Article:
Srinivasan also denied accusations that India, England and Australia – who will stand to gain the most financially from the changes – had formed an oligarchy, and held greater power than the others. © AFP

Srinivasan also denied accusations that India, England and Australia – who will stand to gain the most financially from the changes – had formed an oligarchy, and held greater power than the others. © AFP

N Srinivasan, the president of the Board of Control for Cricket in India (BCCI), said the recommendations of the Woolf Report, submitted to the International Cricket Council (ICC) last year, were not incorporated in the ICC’s restructuring of key elements because the report was biased.

“The BCCI rejected the Woolf committee report because it was biased. Mr Woolf was supposed to consult every board before tabling his report. Only on the evening (before the report was to be tabled), did he have a chat with me,” Srinivasan told The Hindu on Monday (February 10).

On Saturday, the ICC’s executive board had approved administrative and structural changes at a meeting in Singapore , including the formation of an Executive Committee (ExCo). This, despite the Woolf Report suggesting a more independent decision-making body.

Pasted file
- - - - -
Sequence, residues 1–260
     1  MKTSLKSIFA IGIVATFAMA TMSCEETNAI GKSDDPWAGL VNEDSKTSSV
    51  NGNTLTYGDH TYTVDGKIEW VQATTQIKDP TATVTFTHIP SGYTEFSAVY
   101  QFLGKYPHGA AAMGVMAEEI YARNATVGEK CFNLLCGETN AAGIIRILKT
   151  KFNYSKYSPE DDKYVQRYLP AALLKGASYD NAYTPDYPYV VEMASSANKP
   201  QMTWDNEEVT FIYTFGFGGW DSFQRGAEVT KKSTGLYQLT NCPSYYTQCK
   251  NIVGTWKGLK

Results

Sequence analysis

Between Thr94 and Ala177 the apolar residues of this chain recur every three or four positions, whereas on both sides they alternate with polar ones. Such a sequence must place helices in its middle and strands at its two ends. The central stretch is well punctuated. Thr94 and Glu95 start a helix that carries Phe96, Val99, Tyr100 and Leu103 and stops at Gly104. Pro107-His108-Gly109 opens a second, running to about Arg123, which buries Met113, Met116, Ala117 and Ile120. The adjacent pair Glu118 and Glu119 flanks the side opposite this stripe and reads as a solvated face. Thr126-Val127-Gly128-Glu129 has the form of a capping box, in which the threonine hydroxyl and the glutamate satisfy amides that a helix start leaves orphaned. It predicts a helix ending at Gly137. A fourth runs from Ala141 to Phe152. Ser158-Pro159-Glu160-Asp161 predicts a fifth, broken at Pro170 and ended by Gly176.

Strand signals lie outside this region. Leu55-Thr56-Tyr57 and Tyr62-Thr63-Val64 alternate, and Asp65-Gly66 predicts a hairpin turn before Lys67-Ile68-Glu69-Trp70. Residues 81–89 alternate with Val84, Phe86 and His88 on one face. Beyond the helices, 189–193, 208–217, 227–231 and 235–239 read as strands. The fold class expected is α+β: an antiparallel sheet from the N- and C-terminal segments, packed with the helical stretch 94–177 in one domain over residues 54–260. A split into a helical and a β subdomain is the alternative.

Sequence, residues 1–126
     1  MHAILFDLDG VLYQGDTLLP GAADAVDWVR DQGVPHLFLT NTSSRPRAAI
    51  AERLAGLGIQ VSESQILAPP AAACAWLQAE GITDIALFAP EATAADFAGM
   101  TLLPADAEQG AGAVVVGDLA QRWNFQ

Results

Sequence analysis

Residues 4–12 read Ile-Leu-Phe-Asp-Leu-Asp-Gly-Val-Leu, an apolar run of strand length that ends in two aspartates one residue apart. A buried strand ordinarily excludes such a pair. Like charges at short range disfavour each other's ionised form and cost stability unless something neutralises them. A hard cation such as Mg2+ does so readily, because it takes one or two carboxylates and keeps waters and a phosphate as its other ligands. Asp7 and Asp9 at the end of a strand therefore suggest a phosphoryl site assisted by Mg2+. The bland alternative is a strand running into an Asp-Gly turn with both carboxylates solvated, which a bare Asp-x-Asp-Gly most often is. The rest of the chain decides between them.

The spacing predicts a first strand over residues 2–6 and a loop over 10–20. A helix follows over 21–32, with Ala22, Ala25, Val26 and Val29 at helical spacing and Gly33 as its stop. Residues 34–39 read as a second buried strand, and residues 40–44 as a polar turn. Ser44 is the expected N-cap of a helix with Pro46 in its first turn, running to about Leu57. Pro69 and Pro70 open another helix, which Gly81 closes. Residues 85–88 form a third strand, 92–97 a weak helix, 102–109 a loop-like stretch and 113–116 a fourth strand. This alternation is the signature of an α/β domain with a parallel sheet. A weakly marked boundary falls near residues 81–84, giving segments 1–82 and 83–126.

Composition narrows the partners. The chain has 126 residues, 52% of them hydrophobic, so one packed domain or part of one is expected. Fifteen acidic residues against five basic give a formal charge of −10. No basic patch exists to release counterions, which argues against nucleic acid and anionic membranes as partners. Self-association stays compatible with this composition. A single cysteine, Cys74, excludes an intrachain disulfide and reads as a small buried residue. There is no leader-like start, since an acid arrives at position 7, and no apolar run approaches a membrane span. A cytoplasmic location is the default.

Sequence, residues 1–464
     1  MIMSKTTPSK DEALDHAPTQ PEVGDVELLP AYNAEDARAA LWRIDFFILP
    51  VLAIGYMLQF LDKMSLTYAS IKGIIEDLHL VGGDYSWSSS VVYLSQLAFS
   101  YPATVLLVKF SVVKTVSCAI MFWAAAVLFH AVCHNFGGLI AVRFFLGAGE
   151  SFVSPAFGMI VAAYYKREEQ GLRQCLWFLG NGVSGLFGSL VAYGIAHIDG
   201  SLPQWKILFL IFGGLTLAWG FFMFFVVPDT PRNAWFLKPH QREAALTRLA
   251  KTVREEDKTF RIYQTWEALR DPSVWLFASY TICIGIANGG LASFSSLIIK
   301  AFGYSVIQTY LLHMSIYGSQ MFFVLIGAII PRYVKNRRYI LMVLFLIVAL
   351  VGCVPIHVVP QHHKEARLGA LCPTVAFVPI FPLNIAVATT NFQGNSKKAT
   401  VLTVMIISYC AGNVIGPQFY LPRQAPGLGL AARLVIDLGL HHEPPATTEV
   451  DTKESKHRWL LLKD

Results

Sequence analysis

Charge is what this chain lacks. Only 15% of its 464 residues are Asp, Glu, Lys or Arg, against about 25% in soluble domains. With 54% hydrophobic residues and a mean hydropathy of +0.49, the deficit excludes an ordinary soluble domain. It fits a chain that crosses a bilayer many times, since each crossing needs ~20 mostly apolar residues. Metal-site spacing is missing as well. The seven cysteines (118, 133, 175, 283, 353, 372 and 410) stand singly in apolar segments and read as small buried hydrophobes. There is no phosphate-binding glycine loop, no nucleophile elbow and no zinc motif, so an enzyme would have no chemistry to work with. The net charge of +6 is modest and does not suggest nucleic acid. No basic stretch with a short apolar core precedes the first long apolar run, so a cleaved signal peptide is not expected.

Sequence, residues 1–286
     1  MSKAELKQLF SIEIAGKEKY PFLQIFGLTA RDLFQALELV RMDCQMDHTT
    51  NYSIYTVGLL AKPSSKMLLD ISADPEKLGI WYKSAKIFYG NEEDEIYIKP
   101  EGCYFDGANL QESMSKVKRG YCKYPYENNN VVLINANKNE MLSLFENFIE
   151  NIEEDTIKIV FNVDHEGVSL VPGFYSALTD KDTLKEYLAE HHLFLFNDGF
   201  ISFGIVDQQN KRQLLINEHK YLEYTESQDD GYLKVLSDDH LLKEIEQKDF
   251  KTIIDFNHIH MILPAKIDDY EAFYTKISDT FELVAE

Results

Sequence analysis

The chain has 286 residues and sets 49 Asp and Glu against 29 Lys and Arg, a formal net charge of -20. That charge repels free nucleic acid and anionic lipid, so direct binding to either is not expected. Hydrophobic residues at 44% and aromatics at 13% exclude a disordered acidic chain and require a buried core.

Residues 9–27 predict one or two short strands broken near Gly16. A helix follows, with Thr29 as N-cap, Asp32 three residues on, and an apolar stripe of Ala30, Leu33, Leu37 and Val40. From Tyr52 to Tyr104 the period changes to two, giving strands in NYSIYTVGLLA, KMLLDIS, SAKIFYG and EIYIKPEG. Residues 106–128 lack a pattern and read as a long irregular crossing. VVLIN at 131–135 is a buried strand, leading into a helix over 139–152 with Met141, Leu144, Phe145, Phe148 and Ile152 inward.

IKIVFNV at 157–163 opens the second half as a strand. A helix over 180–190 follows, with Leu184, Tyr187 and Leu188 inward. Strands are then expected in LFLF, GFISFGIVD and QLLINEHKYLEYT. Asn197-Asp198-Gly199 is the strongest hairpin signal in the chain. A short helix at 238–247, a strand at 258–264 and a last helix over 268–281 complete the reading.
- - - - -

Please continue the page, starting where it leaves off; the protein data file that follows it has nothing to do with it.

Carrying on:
Eight of the ten Test nations voted in favour of the proposals, while Sri Lanka and Pakistan abstained. When asked if he would try to convince Pakistan and Sri Lanka to come on board, Srinivasan said it was for the entire ICC to work on. “It’s an ICC resolution and eight members have approved it. It (reaching out to Sri Lanka and Pakistan) is not just my responsibility,” he said.

South Africa, who had voiced concerns about the proposals earlier, eventually also voted for the proposals, and Srinivasan said this was likely due to their doubts being clarified. “Maybe some members had some lingering doubts on the proposals. When the doubts got clarified, the proposals found support.”

Srinivasan also denied accusations that India, England and Australia – who will stand to gain the most financially from the changes – had formed an oligarchy, and held greater power than the others, while defending permanent seats on the ExCo for the three nations in the five-member committee. “There are sections of media and certain groups that are opposed to the BCCI,” said Srinivasan. “In this whole arrangement, please point out where is the veto. There is nothing wrong (in the Executive Committee having BCCI, CA, and ECB as permanent members), these are recommendatory committees. The final decision about ExCo and F&CA (Finance and Commercial Affairs Committee) is taken by the Board where every member is present. Where is the question of oligarchy?”

Srinivasan also reiterated that the revamp would benefit the game and ensure its financial health. “I think it’s good for cricket overall, good for the financial health of all full, associate and affiliate members. There is meritocracy,” he said.